Initially, some Asian shippers redirected traffic to the Port of New York/New Jersey, he notes, but now they are looking for different points of ingress without backup issues, which is benefiting Savannah, Charleston, Philadelphia, Tampa and Houston on the East Coast and San Diego, Vancouver and San Francisco on the West Coast. Additionally, the Port of Miami, which has traditionally served traffic from the South and Central Americas, is now seeing ships from Europe and Asia.

The two-year supply-chain upheaval has also caused some tenants to diversify ports of entry or relocate operations to alternative ports altogether, DeNight says. “Though not every tenant can or would make a shift, there has been notable outflow from the tightest port markets, driven by costs, space availability concerns and supply-chain resiliency.”

“The scarcity of available space is the bigger reason some tenants may be getting boxed out of opportunities in primary port regions, though the recent shipping shift may also be causing logistics companies and retailers to reassess and possibly redirect their industrial real estate requirements,” notes Matthew Dolly, national industrial research leader at real estate services firm Transwestern.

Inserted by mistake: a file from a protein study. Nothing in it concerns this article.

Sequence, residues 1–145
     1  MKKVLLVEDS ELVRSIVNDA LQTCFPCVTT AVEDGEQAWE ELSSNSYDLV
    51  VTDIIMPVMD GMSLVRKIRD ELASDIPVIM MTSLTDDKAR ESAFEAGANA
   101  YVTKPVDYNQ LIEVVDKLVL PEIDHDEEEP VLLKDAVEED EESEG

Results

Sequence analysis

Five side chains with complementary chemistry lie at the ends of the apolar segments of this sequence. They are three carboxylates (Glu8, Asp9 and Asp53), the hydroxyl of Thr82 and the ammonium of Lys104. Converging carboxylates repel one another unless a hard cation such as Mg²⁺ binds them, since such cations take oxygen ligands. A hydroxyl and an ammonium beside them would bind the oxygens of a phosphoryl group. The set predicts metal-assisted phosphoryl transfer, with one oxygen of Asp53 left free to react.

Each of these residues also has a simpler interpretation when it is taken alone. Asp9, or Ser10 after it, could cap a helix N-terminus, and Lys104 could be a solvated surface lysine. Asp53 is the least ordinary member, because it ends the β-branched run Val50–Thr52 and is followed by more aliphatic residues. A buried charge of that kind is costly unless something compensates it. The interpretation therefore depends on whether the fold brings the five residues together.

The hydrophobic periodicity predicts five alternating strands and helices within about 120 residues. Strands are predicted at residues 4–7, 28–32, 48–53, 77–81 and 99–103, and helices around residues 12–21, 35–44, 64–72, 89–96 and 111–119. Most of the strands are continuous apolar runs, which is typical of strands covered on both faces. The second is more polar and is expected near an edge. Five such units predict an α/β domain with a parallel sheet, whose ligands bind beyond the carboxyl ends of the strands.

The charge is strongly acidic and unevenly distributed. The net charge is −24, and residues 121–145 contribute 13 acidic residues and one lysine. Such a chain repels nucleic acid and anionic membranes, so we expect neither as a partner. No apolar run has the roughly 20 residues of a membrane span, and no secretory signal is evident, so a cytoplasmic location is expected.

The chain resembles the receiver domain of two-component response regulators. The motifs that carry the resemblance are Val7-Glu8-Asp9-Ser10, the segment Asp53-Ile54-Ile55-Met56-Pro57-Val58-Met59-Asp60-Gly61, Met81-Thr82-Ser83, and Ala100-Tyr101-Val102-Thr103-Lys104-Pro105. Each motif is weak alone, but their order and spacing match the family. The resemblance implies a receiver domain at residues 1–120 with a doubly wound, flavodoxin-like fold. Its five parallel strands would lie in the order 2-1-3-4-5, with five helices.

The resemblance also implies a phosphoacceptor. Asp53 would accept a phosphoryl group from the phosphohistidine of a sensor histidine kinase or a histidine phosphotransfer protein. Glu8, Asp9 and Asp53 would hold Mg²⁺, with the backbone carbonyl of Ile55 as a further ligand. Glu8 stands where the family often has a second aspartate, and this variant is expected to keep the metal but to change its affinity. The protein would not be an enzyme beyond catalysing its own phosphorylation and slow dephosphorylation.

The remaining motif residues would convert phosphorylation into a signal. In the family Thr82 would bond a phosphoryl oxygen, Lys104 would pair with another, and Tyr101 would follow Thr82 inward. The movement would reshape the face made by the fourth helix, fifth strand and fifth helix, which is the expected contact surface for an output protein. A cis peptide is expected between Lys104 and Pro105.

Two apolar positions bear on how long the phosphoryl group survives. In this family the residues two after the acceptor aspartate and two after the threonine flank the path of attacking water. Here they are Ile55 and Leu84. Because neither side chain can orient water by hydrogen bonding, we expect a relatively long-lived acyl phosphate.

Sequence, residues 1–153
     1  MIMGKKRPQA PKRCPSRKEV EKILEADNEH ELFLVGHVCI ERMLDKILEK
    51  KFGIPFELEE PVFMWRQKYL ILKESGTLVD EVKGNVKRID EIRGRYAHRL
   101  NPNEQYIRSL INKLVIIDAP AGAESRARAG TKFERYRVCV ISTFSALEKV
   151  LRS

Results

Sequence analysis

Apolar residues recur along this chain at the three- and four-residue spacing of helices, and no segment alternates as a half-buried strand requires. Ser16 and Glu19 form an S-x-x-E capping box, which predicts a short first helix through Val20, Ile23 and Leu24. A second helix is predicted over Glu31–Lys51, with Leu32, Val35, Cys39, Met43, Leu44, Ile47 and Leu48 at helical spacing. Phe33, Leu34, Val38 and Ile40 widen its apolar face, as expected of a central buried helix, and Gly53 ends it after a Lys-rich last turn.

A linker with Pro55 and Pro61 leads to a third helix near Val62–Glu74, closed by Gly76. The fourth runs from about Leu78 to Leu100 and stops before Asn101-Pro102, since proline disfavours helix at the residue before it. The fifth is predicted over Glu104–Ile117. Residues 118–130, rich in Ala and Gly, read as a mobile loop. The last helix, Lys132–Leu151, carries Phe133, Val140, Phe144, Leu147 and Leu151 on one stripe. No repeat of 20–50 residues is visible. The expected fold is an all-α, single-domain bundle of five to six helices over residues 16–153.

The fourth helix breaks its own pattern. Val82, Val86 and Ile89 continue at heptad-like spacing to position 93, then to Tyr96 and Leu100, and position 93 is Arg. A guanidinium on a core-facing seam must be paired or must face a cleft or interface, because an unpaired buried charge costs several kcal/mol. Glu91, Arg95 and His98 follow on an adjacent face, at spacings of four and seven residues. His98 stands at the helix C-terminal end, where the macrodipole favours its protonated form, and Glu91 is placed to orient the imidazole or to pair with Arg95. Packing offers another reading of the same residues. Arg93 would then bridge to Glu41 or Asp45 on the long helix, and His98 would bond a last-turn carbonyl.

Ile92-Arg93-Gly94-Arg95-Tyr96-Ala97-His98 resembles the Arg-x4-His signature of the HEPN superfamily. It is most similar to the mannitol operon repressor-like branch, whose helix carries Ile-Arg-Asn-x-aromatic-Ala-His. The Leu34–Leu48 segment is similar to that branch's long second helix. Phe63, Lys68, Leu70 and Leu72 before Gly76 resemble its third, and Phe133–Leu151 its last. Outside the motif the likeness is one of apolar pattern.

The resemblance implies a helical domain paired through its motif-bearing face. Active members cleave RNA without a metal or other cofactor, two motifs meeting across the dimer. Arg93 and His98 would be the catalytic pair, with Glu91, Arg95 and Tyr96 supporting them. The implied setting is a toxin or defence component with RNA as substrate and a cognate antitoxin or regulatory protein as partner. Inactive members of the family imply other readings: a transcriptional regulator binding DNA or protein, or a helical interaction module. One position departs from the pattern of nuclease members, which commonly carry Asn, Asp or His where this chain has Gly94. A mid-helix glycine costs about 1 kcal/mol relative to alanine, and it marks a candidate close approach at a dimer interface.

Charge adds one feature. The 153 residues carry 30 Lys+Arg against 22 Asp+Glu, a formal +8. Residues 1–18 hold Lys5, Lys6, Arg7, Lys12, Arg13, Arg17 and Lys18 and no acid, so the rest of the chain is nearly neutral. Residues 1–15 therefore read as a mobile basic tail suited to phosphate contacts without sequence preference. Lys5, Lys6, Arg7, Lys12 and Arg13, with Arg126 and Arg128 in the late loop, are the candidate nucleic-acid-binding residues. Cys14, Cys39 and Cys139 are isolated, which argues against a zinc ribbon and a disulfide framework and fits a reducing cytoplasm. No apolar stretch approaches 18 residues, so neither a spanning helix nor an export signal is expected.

But while rents have grown astronomically in the biggest port markets, users still want and need to be there to have access to the largest population centers in the country and the easy availability of labor, he adds. They will also often absorb increasing rents to avoid the much higher transportation costs of distributing to locations much farther away, Dolly notes.

Tenants may also still prefer the bigger ports because of the efficiencies provided by their sophisticated offload logistics infrastructure, which is still in buildout mode at secondary ports, adds Ressler.